Developer Geocon has plans to demolish the iconic, heritage-listed Gus' cafe which has been on the same site in Bunda Street for more than 50 years.
But Geocon says it will rebuild the cafe - in the same spot - as part of its proposed $130 million Garema Place hotel.
Plans for the 11-storey development have been submitted to the Planning Directorate and a decision is pending.
Now called Gus' Place, the cafe was closed in 2016 and re-opened in 2017 after major refurbishments.
It's understood the current owners of the cafe have not been officially informed of the developer's plans.
However, a Geocon spokesman said the company had "met with tenants on several occasions".
Gus' cafe is heritage-listed but that is unlikely to stop its demolition, the listing more about its "intangible heritage" rather than the "physical fabric of the building".
The ACT Heritage Council chair David Flannery said on Wednesday that the council had considered the Geocon proposal and already given advice the plans should be allowed to go ahead, including the demolition of the cafe, which opened in 1967.
Mr Flannery said the council had asked that the Gus' name, the plaque in the footpath outside the cafe and "the character of the place" be retained and included in the rebuilt cafe.
"There is nothing important in the building itself. It's the intangible heritage we're trying to protect," he said.
But opponents of the plan, including Danny Corvini, are calling on Canberrans to "wake up and smell the coffee" and save a treasured part of the national capital's social history.
Mr Corvini said Gus' was "a true Canberra icon, a slice of our history with only Tilley's in Lyneham for comparison remaining"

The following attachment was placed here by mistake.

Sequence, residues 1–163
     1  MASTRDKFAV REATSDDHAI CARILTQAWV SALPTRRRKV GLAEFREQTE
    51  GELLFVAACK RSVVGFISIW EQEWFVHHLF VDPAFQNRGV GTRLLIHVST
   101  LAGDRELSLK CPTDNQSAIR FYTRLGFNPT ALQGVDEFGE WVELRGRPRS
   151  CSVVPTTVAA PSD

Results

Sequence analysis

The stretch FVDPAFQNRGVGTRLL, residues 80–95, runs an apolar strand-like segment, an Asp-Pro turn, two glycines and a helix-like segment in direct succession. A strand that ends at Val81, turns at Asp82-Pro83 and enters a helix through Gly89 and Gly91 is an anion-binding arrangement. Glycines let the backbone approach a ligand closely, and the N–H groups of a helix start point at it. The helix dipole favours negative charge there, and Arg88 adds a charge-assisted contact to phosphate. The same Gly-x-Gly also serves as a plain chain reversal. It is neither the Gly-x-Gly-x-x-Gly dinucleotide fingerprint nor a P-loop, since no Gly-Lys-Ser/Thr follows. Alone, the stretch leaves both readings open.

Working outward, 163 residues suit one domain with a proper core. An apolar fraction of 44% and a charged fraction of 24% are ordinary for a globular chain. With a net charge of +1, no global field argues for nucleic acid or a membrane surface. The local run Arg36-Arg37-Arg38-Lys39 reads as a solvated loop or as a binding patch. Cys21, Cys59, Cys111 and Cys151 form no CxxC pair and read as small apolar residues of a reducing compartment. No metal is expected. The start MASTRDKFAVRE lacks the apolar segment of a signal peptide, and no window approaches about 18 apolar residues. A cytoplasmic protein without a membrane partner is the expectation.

Geocon wants to build its proposed $130 million Canberra City Luxury Hotel at 60-70 Bunda Street, adjoining Garema Place.
A Geocon spokesman said on Wednesday, pending approval from the ACT Government, work on demolishing the site was expected in the coming months.
"As part of the new build - we have committed to reinstating Gus' as one of the alfresco eateries on the ground floor. We're fully aware of its cultural significance to Canberra and its inclusion has been considered carefully," the spokesman said.
The Geocon spokesman said Gus' would be rebuilt in the same spot.
"Gus' will have the same character, look and feel - but it won't be a carbon copy. The plan is to put it in exactly the same spot it's in now," he said.
Gus' cafe was started in 1967 by Gus Petersilka who pioneered open-air dining in Canberra and was the 1978 Canberran of the Year. There has been a cafe on the site since 1960, previously known as the Prague Coffee Bar. Mr Petersilka waged a five-year battle to introduce European-style outdoor dining to Civic.
Although Gus died in 1994, his name has lived on in the cafe. Gus' was heritage-listed in 2011.
A statement of heritage significance at the time said of Gus': "It is not the physical fabric of the building that represents its heritage value. It is the history of the place and activity conducted there over many years that gives the Gus' cafe site its strong historic cultural and social heritage significance for the local community".
The 2011 listing also recognised Gus' was part of Canberra's soul.
"Gus' cafe is strongly linked to the phase of cultural and social development and change in Canberra whereby the perceived 'dead' centre of the city acquired 'heart and soul' through provision of public outdoor, and therefore highly visible, cafe/restaurant facilities as social meeting places," it read.
The Geocon development is being spruiked as "Canberra's first luxury mixed-used building".
It includes the 215-room hotel, offices, bars, cafes, restaurant, club lounge and roof terrace pool.